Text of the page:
Bacterial and fungal growth. Microorganisms that cause oral diseases find conducive breeding spots on the underside of dentures while they're worn in the mouth. Studies have found that people who continuously wear their dentures are more likely to have bacterial plaque and oral yeast than those that don't.

Potentially dangerous infections. Bacterial and fungal growth increases your risk of oral infections that could affect more than your mouth. A recent study of elderly nursing home residents found those who wore their dentures during sleep were over twice as likely to develop serious cases of pneumonia requiring hospitalization. It's believed bacteria harbored on the dentures can pass from the mouth to the lungs as a person breathes over them while they sleep.

Blocked salivary flow. During the night our salivary flow naturally ebbs; wearing dentures while we sleep could cause denture stomatitis, in which the tissues covered by a denture (particularly along the roof of the mouth) become inflamed and infected with yeast. It's often accompanied by angular cheilitis or cracking at the corners of the mouth that becomes infected by the same yeast.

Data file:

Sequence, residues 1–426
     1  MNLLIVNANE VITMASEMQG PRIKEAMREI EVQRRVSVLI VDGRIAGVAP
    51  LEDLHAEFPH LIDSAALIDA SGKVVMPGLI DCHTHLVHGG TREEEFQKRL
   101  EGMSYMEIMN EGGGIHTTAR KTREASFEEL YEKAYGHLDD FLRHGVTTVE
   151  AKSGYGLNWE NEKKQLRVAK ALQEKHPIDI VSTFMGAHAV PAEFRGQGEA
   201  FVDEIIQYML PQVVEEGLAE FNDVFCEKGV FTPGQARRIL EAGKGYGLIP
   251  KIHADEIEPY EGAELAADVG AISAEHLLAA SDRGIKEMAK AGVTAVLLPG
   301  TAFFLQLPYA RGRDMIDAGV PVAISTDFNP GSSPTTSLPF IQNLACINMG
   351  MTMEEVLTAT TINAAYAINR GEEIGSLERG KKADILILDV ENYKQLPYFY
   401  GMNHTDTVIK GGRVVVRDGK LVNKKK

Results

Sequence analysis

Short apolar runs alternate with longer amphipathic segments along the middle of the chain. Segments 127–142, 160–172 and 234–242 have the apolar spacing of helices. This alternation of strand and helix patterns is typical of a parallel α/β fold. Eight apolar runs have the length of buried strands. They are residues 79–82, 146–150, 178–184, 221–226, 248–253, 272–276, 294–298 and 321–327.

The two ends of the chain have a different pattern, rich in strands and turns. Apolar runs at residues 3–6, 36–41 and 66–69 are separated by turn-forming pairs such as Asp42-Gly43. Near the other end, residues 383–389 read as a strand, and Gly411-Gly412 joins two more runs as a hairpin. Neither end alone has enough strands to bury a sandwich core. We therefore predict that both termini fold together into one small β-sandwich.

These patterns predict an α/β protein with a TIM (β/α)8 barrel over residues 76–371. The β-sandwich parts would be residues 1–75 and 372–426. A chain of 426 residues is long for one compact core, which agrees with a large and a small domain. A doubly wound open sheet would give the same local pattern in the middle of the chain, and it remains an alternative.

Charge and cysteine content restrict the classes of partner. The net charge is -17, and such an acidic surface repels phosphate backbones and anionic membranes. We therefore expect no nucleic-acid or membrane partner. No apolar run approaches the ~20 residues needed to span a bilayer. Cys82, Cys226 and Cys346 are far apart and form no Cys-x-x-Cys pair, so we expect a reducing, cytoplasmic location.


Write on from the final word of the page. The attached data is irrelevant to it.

Wearing your dentures while you sleep contributes to conditions ranging from irritating to life-threatening. To prevent such problems clean your dentures as well as the rest of your mouth regularly — and talk to your dentist whether you should leave them out when you go to bed.

If you would like more information on denture care, please contact us or schedule an appointment for a consultation. You can also learn more about this topic by reading the Dear Doctor magazine article “Sleeping in Dentures.”

By Ligon & Ligon DDS, PA